• Cited by 5
  • Here, the LHC phenomenology of a low-scale gauged flavor symmetry model with inverted hierarchy is studied, through introduction of a simplified model of broken flavor symmetry. A new scalar (a flavon) and a new neutral top-philic massive gauge boson emerge with mass in the TeV range, along with a new heavy fermion associated with the standard model top quark. After checking constraints from electroweak precision observables, we investigate the influence of the model on Higgs boson physics, notably on its production cross section and decay branching fractions. Limits on the flavon φ from heavy Higgs boson searches at the LHCmore » at 7 and 8 TeV are presented. The branching fractions of the flavon are computed as a function of the flavon mass and the Higgs-flavon mixing angle. We also explore possible discovery of the flavon at 14 TeV, particularly via the φ → Z 0Z 0 decay channel in the 2ℓ2ℓ' final state, and through standard model Higgs boson pair production φ → hh in the b¯bγγ final state. We conclude that the flavon mass range up to 500 GeV could be probed down to quite small values of the Higgs-flavon mixing angle with 100 fb –1 of integrated luminosity at 14 TeV.« less
  • In this study, we present a review of heavy flavor physics results from the CDF and DØ Collaborations operating at the Fermilab Tevatron Collider. A summary of results from Run 1 is included, but we concentrate on legacy results of charm and b physics from Run 2, including results up to Summer 2014.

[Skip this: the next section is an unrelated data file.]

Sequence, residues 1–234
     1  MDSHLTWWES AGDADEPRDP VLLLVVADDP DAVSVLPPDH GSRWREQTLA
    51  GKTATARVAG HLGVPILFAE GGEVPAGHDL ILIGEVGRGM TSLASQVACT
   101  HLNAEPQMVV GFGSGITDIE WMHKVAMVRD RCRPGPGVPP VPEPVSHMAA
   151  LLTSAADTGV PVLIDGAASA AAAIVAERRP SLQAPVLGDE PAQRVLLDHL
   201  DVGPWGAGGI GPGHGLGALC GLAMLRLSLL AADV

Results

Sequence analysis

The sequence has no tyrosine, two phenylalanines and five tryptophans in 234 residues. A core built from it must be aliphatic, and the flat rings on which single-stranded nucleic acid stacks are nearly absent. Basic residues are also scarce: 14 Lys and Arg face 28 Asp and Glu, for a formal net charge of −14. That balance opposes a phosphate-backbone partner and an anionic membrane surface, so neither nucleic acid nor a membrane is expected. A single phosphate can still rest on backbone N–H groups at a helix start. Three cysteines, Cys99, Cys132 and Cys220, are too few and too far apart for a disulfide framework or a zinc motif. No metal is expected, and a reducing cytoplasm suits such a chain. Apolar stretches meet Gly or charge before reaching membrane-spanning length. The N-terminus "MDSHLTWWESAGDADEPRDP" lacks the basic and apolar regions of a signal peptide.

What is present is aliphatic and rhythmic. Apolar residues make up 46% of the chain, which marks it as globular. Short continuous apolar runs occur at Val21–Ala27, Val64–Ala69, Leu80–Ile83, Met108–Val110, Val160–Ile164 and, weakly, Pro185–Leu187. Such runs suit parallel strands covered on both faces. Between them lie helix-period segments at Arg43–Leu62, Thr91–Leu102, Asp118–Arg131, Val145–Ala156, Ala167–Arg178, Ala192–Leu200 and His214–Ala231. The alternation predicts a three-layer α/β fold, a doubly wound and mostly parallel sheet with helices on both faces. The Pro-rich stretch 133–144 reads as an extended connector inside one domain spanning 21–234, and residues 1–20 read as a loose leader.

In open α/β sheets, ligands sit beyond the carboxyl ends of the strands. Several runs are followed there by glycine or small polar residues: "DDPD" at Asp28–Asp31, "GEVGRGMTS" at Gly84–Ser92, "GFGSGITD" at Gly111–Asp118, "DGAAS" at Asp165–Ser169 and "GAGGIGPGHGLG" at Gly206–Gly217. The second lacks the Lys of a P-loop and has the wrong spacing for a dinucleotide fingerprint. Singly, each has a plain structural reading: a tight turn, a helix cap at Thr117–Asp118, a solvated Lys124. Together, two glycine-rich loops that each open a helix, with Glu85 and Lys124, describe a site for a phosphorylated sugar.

• Two of the outstanding discrepancies between weak interaction phenomenology and the standard model come in the large size of the {Delta}{ital I}=1/2 enhancement in {ital K} decays and in the small value of the {ital B} semileptonic branching ratio. We argue that these discrepancies are naturally explained by chromomagnetic dipole operators arising from new physics at the TeV scale. These operators are closely connected to diagrams which contribute to the quark mass matrix, and we show how the proper enhancement of the hadronic decays of {ital s} and {ital b} quarks can be linked to a generation of particular Cabibbo-Kobayashi-Maskawamore » mixing angles or quark masses. We confirm our model-independent analysis with detailed consideration of supersymmetric models and of technicolor models with techniscalars. This picture has additional phenomenological predictions for the {ital B} system: The branching ratio of charmless nonleptonic {ital B} decays should be of order 20%, due to a larger rate for {ital b}{r_arrow}{ital sg}, while there are no dangerous new contributions to {ital b}{r_arrow}{ital s}{gamma}. Sizable contributions to {ital b}{r_arrow}{ital d}{gamma} are a common feature of models incorporating this mechanism. In techniscalar models the {ital Zb}{sub {ital L}}{ital {bar b}}{sub {ital L}} coupling is enhanced, in association with sizable contributions to {ital b}{r_arrow}{ital s}{mu}{sup +}{mu}{sup {minus}}.« less